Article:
Anti-inflammatory effects ofm-chlorophenylpiperazine in brain glia cells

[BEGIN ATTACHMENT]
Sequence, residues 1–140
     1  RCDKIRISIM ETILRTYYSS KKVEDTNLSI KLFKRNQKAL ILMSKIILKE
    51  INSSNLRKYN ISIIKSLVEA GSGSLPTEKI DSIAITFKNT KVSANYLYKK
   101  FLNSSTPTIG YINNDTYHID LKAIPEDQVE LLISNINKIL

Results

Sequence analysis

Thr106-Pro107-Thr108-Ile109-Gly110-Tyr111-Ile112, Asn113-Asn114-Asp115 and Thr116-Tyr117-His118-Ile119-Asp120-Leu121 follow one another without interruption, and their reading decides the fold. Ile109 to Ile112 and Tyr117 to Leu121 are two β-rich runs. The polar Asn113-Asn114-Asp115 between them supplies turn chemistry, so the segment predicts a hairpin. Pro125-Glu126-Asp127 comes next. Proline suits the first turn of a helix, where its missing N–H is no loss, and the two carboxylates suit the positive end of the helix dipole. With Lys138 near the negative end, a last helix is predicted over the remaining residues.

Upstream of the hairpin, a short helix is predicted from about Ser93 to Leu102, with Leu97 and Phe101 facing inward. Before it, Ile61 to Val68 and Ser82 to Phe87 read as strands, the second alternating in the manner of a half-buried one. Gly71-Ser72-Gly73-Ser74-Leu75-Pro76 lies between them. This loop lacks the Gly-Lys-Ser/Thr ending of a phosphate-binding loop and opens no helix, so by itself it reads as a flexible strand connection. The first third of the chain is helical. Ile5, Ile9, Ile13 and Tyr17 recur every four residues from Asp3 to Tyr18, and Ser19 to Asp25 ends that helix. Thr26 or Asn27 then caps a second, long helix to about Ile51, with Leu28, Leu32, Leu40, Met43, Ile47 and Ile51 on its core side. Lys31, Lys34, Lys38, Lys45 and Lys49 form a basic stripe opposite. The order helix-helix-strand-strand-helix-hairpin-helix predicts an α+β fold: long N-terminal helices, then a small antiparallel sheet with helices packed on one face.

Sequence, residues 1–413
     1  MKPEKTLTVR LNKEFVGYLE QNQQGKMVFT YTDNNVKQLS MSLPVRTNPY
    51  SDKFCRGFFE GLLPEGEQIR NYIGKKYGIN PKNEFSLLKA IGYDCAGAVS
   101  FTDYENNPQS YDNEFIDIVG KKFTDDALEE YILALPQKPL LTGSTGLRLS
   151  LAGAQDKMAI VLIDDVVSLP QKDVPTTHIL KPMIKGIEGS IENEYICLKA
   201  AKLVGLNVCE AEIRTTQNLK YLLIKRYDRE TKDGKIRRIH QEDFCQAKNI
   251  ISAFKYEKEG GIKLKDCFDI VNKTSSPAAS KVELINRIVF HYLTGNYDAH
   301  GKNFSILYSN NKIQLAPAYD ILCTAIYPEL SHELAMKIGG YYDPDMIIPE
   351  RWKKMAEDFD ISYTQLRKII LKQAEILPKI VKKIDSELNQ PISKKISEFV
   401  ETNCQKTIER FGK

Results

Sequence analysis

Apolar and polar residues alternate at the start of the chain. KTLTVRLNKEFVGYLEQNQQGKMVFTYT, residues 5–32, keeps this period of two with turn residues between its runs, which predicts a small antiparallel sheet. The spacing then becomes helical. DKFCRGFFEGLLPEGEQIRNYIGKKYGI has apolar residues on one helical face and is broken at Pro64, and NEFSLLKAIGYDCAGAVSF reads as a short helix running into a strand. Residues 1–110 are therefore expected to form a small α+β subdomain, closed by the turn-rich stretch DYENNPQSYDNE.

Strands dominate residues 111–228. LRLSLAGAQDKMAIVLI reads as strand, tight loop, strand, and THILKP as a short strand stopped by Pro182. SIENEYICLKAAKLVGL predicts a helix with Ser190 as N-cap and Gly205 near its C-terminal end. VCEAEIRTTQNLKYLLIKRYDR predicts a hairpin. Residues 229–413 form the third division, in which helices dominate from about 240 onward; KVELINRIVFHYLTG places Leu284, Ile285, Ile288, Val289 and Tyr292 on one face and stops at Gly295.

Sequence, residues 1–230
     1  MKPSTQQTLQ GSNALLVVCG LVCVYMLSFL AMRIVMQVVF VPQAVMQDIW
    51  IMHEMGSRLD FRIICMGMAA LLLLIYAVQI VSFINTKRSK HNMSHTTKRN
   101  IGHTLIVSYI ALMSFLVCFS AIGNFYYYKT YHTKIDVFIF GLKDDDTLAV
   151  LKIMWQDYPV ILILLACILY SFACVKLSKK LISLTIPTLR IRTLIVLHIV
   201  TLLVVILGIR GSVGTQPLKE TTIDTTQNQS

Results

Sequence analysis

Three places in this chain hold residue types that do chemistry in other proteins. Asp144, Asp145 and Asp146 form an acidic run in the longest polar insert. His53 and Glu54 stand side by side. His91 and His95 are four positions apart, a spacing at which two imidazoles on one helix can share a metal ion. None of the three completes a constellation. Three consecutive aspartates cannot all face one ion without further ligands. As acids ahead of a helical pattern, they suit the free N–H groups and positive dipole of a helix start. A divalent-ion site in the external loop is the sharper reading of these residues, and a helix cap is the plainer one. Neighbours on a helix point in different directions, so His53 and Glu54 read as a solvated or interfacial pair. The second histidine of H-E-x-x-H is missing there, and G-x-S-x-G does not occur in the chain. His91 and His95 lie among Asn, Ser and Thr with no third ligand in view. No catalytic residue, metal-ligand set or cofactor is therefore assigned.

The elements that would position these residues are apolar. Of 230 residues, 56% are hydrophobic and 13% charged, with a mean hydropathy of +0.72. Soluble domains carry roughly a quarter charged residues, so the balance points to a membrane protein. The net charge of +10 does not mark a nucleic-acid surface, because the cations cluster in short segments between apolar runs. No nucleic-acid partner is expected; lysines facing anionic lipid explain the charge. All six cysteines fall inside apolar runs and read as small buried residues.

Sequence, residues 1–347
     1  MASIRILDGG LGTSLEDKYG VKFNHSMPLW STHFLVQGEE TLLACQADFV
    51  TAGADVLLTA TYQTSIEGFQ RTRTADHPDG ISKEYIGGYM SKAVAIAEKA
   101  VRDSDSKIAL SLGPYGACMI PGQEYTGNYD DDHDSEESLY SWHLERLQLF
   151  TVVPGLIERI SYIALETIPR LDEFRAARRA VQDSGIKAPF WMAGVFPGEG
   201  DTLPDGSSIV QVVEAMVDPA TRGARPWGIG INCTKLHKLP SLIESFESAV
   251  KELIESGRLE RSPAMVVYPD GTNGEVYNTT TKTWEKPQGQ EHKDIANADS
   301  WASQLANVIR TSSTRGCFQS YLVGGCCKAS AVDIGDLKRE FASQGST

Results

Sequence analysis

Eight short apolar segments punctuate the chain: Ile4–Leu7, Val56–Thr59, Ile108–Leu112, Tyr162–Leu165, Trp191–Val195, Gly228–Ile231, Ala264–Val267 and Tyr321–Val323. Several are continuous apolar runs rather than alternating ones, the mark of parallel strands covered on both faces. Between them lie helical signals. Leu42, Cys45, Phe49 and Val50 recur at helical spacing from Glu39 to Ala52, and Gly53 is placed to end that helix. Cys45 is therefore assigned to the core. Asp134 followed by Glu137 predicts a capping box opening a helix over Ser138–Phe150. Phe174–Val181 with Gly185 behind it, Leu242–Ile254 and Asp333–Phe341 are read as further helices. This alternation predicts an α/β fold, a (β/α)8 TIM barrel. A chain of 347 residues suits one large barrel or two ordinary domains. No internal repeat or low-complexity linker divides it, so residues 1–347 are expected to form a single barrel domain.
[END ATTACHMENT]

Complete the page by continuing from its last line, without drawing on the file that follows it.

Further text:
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Glia cells are regarded as a mediator of neuroinflammation releasing pro-inflammatory cytokines and nitric oxide in the central nervous system. Microglia and astrocytes have been reported to play an important role in the progression of neurodegenerative diseases such as Alzheimer's disease and Parkinson's disease. m-Chlorophenylpiperazine (m-CPP) is used clinically to manipulate serotonergic function, though its precise mechanisms of actions are not well understood. m-CPP alters synaptic transmission and neuronal function in vertebrates by non-selective agonistic actions on 5-HT1 and 5-HT2 receptors. In the present study, the anti-inflammatory effect of m-CPP was investigated in lipopolysaccharide (LPS)-stimulated microglia and astrocyte cultures. Our results showed that m-CPP significantly decreased the production of nitric oxide, tumor necrosis factor-alpha (TNF-α), and interleukin-1β (IL-1β) in microglia and astrocyte cultures. m-CPP also attenuated the expression of inducible nitric oxide synthase and pro-inflammatory cytokines such as IL-1β and TNF-α at mRNA levels. In addition, m-CPP inhibited nuclear factor-kappa B activation and phosphorylation of p38 mitogen-activated protein kinase in the LPS-stimulated microglia cells, providing molecular mechanisms of the anti-inflammatory effects. Moreover, m-CPP was neuroprotective as the drug reduced microglia-mediated neuroblastoma cell death in a microglia-neuron co-culture. These findings suggest that m-CPP may have important implications in the treatment of neuroinflammatory diseases.

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